The turtle project in Jalova monitors the hatching success rate of nests marked by the GVI staff and volunteers during the green turtle nesting season (June to November) on a three mile stretch of beach.
The typical life cycle of the green turtle (Chelonia mydas) starts with an egg laid and buried, amongst hundreds of other eggs, and hundreds of other nests,on the beach at Tortuguero on Costa Rica’s Caribbean coast. If lucky, that egg hatches and a turtle hatchling makes its way into the ocean. Many years later, that same hatchling, now grown in to an adult female, returns to the same beach and lays her own nest. In this case, that night was 12 August 2014 and that beach just happened to fall within the area survey by volunteers and staff of GVI’s Jalova Research Station. On that same night there was a group of poachers in the Tortuguero area. Poaching turtles nests for eggs is still a fairly common practice on Costa Rica´s Caribbean beaches, and one of the reasons having the beach as a protected area, where research programs combined with patrols by park rangers greatly discourage poaching, is so important to the protection of these nests. Poaching activity within the national park and protected areas is much lower than on unpatrolled/unprotected beaches. On this particular evening, the poachers dug up the nest of the female turtle (and a number of other nests) and removed the eggs for personal consumption and to sell locally. Turtle eggs have long been considered both an aphrodisiac and a delicacy in this region as well as other parts of Costa Rica, and black market sale of those eggs still occurs in many places.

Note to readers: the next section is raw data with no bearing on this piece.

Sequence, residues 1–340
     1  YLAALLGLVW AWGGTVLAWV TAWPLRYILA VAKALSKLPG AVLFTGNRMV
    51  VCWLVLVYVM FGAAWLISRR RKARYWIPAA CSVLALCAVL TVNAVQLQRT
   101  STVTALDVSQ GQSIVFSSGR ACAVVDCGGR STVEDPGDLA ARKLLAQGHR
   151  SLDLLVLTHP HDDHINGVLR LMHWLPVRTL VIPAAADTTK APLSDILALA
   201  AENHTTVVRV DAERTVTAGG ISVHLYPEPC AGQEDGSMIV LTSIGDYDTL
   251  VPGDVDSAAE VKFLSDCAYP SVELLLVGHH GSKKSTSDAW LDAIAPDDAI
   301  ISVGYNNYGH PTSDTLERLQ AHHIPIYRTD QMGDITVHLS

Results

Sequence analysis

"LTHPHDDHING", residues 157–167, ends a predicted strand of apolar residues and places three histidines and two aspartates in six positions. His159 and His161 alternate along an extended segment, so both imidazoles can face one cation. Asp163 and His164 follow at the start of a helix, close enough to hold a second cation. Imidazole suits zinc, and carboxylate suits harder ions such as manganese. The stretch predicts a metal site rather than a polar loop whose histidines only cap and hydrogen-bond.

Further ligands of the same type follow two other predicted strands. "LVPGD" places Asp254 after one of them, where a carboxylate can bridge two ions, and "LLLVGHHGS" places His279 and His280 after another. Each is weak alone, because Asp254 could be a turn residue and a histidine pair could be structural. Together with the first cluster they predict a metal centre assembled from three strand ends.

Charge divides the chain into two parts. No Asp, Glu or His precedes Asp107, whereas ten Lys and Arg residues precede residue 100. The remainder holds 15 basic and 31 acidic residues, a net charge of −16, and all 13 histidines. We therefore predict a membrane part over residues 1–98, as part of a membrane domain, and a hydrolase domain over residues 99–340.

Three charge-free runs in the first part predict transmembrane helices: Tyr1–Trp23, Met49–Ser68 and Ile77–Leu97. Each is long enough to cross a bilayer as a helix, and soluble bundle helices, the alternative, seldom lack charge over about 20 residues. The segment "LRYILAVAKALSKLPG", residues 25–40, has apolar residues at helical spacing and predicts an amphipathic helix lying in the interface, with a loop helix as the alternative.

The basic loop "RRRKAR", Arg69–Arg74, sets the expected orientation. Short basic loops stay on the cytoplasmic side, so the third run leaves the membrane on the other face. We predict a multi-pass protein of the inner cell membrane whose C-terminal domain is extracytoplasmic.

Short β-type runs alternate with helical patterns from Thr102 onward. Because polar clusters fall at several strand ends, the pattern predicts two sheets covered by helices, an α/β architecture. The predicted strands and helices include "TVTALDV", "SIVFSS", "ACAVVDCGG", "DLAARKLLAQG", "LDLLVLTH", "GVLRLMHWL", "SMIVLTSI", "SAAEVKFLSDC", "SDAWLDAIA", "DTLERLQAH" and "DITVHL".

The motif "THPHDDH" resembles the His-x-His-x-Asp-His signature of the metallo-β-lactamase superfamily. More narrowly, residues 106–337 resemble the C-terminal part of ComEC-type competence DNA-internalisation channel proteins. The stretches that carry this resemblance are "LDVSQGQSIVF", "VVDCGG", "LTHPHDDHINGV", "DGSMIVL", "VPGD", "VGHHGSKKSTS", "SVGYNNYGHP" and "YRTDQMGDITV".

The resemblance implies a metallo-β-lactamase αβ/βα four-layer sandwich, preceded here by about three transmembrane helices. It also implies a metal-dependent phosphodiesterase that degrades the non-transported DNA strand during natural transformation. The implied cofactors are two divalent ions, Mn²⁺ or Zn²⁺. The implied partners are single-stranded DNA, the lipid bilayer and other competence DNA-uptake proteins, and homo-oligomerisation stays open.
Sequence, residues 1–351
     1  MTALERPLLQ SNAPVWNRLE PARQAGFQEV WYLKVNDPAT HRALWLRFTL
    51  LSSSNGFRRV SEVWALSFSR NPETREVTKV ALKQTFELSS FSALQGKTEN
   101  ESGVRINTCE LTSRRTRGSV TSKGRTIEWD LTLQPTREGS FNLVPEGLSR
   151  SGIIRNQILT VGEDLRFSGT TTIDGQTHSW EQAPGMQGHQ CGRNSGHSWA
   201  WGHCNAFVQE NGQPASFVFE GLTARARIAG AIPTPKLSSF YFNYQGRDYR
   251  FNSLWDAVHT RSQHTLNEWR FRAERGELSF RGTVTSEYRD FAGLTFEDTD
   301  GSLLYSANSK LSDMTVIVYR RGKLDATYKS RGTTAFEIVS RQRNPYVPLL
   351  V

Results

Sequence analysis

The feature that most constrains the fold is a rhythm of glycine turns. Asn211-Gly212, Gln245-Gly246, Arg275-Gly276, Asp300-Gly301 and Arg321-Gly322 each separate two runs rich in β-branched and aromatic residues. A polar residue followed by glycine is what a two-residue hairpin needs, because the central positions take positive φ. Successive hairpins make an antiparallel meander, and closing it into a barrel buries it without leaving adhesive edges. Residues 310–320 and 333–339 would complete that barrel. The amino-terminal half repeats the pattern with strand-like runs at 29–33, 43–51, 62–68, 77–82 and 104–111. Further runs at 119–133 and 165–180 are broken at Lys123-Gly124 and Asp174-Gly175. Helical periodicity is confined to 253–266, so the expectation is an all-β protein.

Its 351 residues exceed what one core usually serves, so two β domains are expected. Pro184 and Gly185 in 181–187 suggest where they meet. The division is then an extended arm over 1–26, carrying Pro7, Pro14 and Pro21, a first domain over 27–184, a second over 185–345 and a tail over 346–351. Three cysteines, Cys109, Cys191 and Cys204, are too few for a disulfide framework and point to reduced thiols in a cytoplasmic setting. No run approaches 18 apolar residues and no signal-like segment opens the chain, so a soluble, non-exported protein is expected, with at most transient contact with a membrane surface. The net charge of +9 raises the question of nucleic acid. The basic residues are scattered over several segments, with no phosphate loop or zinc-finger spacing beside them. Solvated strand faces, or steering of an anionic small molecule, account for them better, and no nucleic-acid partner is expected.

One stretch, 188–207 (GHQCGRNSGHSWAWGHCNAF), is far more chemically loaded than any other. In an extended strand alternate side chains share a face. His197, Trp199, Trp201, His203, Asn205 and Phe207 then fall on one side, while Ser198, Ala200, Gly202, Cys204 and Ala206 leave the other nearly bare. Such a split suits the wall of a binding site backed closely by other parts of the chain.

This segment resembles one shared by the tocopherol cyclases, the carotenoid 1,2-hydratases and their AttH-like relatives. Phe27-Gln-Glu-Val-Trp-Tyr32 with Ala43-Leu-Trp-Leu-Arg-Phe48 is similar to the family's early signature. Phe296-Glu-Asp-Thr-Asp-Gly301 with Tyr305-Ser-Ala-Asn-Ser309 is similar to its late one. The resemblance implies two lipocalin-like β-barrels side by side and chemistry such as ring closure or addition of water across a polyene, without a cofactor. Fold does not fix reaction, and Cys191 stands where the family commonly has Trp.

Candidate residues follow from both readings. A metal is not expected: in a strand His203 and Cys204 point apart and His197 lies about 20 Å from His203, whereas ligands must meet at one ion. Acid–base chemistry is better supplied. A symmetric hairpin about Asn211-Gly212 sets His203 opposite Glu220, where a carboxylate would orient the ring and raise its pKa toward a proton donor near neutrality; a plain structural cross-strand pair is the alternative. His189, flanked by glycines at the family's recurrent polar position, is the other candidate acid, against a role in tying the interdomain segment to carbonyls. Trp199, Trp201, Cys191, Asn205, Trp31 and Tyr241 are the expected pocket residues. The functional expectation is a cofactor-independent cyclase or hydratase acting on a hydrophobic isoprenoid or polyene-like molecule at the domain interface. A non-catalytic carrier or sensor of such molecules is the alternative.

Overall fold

The 12th of August was a busy night on the Tortuguero beach, as the TNP Rangers were conducting one of their regular night patrols. They came across the poachers and found over 900 fresh turtle eggs in hessian sacks. As it is currently illegal to disturb the turtle nests and remove eggs for consummation or resale, the rangers arrested the poachers and took possession of the turtle eggs.
The turtle eggs would not survive outside their nest; and in fact the longer the eggs remain outside the nest the less likely embryos will develop to hatchlings. In the first 24 hours of the eggs existence, the embryo attaches itself to the shell. Movements and changes in the temperature can cause the embryo to fail. Knowing that the confiscated eggs were in danger, the rangers therefore contacted GVI Jalova´s turtle project leader Renato Bruno (aka Chief) and asked if there was anything that could be done to save the potential turtles.
GVI Jalova has been working successfully with the TNP Rangers for over ten years. The rangers are very familiar Jalova´s turtle conservation project (in partnership with the Sea Turtle Conservancy) and work closely with GVI on many different conservation and education initiatives, even having GVI staff accompany them on patrols; particularly in turtle nesting season when jaguar predation of marine turtles (studied by GVI) is at its peak and the beach is adorned with hundreds of hatchling tracks. GVI staff were happy to answer the call and assist the rangers with the eggs.
The success rate of Green Turtle hatchlings making it to adulthood is about one in a thousand. This is why it is so important and encouraging that the partnership GVI Jalova has with the TNP Rangers resulted in the successful incubation and hatching of the turtles.
On reaching the ocean the hatchlings they made it will have many other obstacles to avoid if they are to make it adulthood; but we are hopeful that for some they do live happily ever after.
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